It is one of the great set-pieces of high drama in English history. The king, shamed by his part in the murder of his one-time friend turned implacable enemy, the Archbishop of Canterbury, agrees to come as a penitent to the holy site of the archbishop’s death to seek forgiveness and, in a conspicuously unkingly gesture, to prostrate himself at the martyr’s tomb. By the time he does so, the innocent blood spilled in the cathedral has begun to attract pilgrims from all over Europe, drawn by the miracles performed at the place where royal anger unleashed such unprecedented violence. In the words of Matthew Strickland, the king showed himself to be ‘overcome with feelings of guilt and remorse’.
The Archbishop, of course, is Thomas Becket, murdered in Canterbury Cathedral by four knights acting on what they interpreted as the wishes of Henry II. But the first royal visitor to lie before the tomb, and to ‘humbly beg pardon for the injuries’ Thomas suffered, was not Henry II himself but his son, Henry ‘the Young King’, who by the time of his journey to Canterbury in 1172 had been anointed, crowned and established as ‘associate ruler’ for two years, in a ceremony every bit as lavish and filled with ritual significance as his father’s coronation.
Though only 17 years old when he made the pilgrimage to Canterbury, his most significant intervention on the political stage so far, Henry the Young King had been entrusted with more than a measure of authority by his father, as Strickland shows in this scrupulous and vivid life. He had been appointed regent during his father’s absence in Normandy, with nominal power to exercise ‘all rights and justices’, even if in practice the old King also left more experienced heads behind to govern policy.
The idea of crowning your heir was not a new one, though it had no precedent in post-Conquest England, and only one confirmed instance from the Anglo-Saxon period. It was, however, as Strickland sets out, a recognised custom both in Scotland and on the Continent — and Henry II was a continental magnate before he was an English king. The roots of Henry’s desire to associate his son with direct rule before inheritance are not hard to find. They lay with his own troubled path to the throne, via his mother Matilda, the daughter of Henry I who, despite her father’s attempt to bind the Anglo-Norman barons to her during his lifetime, had been swiftly passed over in favour of a cousin, Stephen of Blois. That usurpation, as Matilda and her followers viewed it, had led to a long and bitter civil war that only ended when Stephen’s own eldest son Eustace (whom he had tried and failed to have crowned) predeceased his father.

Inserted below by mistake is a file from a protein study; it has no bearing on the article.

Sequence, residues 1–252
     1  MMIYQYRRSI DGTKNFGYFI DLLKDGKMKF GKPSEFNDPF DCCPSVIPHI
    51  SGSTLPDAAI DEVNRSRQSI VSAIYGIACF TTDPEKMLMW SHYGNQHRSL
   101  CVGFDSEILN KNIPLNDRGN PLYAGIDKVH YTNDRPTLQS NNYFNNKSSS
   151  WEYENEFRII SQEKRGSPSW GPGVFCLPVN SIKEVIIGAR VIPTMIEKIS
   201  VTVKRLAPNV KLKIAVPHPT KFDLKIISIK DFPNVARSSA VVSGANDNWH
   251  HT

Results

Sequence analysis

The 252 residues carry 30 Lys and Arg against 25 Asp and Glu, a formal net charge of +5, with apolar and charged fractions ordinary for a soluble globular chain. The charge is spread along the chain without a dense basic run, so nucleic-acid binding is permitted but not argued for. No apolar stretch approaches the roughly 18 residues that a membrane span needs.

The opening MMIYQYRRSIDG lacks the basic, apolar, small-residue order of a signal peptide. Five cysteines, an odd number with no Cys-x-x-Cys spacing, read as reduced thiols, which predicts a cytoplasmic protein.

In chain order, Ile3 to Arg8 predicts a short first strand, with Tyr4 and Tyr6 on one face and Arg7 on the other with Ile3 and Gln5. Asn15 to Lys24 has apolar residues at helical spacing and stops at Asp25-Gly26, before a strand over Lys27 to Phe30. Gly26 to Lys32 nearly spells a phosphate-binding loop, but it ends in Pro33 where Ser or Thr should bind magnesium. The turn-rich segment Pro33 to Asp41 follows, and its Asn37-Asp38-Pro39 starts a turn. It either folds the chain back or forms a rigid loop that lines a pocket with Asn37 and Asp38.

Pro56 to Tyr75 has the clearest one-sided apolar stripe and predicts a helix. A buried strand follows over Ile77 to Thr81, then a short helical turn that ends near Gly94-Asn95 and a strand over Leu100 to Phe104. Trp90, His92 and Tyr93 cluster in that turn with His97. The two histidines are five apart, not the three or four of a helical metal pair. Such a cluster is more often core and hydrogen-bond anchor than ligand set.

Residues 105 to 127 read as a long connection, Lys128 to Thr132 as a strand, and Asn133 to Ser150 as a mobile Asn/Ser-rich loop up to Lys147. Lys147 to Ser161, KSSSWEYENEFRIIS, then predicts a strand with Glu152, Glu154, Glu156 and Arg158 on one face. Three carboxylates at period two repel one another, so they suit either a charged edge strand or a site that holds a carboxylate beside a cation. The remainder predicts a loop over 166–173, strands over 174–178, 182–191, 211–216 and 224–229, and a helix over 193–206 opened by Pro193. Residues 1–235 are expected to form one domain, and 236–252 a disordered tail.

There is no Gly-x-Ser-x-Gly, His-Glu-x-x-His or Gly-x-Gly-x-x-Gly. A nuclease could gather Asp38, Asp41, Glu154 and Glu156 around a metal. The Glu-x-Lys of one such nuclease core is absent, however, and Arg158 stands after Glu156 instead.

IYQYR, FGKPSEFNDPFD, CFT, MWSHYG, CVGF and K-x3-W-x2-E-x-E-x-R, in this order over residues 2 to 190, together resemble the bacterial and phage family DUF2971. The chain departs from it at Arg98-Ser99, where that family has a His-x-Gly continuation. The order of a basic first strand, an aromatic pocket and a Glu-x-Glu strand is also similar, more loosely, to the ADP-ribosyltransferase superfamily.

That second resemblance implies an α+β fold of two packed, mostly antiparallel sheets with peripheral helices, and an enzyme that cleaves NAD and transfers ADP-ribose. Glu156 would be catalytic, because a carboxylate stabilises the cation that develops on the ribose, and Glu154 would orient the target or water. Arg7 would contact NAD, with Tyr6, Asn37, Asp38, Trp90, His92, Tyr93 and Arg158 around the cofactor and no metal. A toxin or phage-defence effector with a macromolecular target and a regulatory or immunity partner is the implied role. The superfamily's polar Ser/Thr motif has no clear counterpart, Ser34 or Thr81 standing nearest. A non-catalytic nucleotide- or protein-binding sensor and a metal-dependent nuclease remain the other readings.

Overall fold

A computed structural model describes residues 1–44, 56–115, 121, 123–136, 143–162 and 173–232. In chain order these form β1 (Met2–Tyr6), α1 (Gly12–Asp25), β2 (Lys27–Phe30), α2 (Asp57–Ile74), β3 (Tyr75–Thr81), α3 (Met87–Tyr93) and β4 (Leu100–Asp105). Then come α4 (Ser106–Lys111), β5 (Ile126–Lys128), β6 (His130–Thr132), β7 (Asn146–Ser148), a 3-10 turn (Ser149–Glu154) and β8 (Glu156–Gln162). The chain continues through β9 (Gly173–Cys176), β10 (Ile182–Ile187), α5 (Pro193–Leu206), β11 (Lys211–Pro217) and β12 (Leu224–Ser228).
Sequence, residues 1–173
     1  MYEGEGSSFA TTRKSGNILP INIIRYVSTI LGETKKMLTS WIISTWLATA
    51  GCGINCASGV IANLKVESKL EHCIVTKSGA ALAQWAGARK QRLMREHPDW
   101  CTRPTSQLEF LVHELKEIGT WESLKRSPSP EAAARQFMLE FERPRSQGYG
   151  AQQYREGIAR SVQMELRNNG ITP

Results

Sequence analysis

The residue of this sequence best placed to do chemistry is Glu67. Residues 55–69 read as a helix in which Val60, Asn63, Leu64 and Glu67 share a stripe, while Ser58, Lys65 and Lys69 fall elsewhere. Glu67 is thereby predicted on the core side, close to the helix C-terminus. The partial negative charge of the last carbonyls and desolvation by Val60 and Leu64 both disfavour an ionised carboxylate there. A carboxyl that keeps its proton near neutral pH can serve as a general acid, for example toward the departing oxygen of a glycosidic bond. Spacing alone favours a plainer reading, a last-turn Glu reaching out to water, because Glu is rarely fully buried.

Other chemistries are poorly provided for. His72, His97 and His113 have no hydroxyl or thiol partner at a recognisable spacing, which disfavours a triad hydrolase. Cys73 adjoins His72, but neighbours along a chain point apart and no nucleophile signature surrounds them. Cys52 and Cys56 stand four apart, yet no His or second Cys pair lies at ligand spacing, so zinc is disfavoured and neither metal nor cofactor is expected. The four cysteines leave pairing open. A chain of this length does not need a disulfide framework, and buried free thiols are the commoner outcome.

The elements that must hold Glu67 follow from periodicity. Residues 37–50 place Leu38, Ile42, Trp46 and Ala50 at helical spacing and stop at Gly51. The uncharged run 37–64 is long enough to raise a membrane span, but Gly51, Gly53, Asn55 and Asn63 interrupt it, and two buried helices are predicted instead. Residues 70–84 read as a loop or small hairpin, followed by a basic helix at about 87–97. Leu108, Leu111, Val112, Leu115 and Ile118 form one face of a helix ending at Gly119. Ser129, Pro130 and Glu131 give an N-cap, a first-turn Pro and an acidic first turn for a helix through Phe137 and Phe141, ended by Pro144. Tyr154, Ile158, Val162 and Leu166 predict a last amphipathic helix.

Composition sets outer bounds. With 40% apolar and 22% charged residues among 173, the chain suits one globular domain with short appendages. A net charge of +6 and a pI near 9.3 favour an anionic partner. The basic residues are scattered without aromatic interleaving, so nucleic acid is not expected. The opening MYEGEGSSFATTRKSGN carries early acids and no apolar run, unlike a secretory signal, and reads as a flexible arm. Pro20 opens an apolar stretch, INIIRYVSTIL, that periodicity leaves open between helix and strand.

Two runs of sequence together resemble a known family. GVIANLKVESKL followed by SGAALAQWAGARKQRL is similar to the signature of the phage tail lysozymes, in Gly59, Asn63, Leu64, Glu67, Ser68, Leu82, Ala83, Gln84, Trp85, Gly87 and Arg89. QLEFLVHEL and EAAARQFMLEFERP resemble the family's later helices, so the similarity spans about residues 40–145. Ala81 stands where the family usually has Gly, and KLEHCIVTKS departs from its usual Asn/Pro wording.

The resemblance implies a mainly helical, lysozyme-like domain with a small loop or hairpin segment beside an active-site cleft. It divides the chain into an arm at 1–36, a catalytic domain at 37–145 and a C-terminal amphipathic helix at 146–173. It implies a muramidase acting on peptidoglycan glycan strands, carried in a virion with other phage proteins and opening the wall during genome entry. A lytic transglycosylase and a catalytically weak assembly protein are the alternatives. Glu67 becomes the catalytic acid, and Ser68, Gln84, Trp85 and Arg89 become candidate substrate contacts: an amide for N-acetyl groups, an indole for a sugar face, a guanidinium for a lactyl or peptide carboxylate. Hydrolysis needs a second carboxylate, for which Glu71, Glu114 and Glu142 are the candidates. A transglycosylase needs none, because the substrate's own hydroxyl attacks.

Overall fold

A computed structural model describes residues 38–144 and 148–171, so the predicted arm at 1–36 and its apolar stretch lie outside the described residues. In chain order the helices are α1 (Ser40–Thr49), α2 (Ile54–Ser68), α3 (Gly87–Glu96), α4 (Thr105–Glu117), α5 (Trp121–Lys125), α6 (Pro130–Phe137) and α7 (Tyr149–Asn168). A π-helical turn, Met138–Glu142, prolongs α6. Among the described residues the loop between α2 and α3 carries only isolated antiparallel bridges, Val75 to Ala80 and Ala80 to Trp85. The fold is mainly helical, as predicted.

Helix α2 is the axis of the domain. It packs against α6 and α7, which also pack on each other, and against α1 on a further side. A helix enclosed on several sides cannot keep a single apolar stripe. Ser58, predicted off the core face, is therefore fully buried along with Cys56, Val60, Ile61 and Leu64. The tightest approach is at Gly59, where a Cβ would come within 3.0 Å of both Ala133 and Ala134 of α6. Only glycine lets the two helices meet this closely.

Henry the Young King also died early, aged 28 in 1183, and when he has figured in previous modern accounts of Henry II’s reign, it is as a not very impressive or a particularly likeable personality. W.L. Warren, the doyen of Henry II biographers, is quoted by Strickland describing the Young King’s combination of charm, popularity and ‘gross irresponsibility’, forgiven by his supporters as the ‘mischievousness of a lively boy’ — though in a world where titled young men were expected to grow up quickly, young Henry had more than a decade to cast off that description.
Young Henry has attracted the criticism of his contemporaries and their successors down the years because, if he is remembered at all, it is for disloyalty on a grand scale. In 1173, not long after that journey to Canterbury, Henry led a grand alliance of disaffected barons, along with two of Henry II’s other sons, Geoffrey and Richard, and linking up with the French king Louis VII, against his father. They attacked Henry II’s empire from all sides, most aggressively in Normandy and the English Midlands, while another ally, the Scots king William the Lion, assaulted Northumberland.
A weaker man than Henry II might have been overcome by the combination of threats and the shock of his own family (including, most likely, his wife Eleanor of Aquitaine) turning so spectacularly against him. But Henry met each outbreak with speed and decisiveness, relying on those who stayed loyal to extinguish the menaces one by one. He even managed to re-establish relations with his son, though for the rest of the Young King’s life (one devoted, as Strickland narrates, to alternating passions of the tournament and attempting to gain some real authority — the root cause of his initial rebellion), there would be a measure of mistrust.
Strickland’s book is a marvellous act of recovery of a mostly forgotten life, and a re-creation of a world veering between elaborate chivalry and uncompromising realpolitik. If he never quite succeeds in convincing us that his subject is much more a solider-citizen than he has previously seemed to be, he goes one better by contributing to the never-ending quest of the medieval historian to enrich our understanding of the Middle Ages, and to banish once and for all the notion that this was a time any less sophisticated, cultured — or more mindlessly violent — than our own.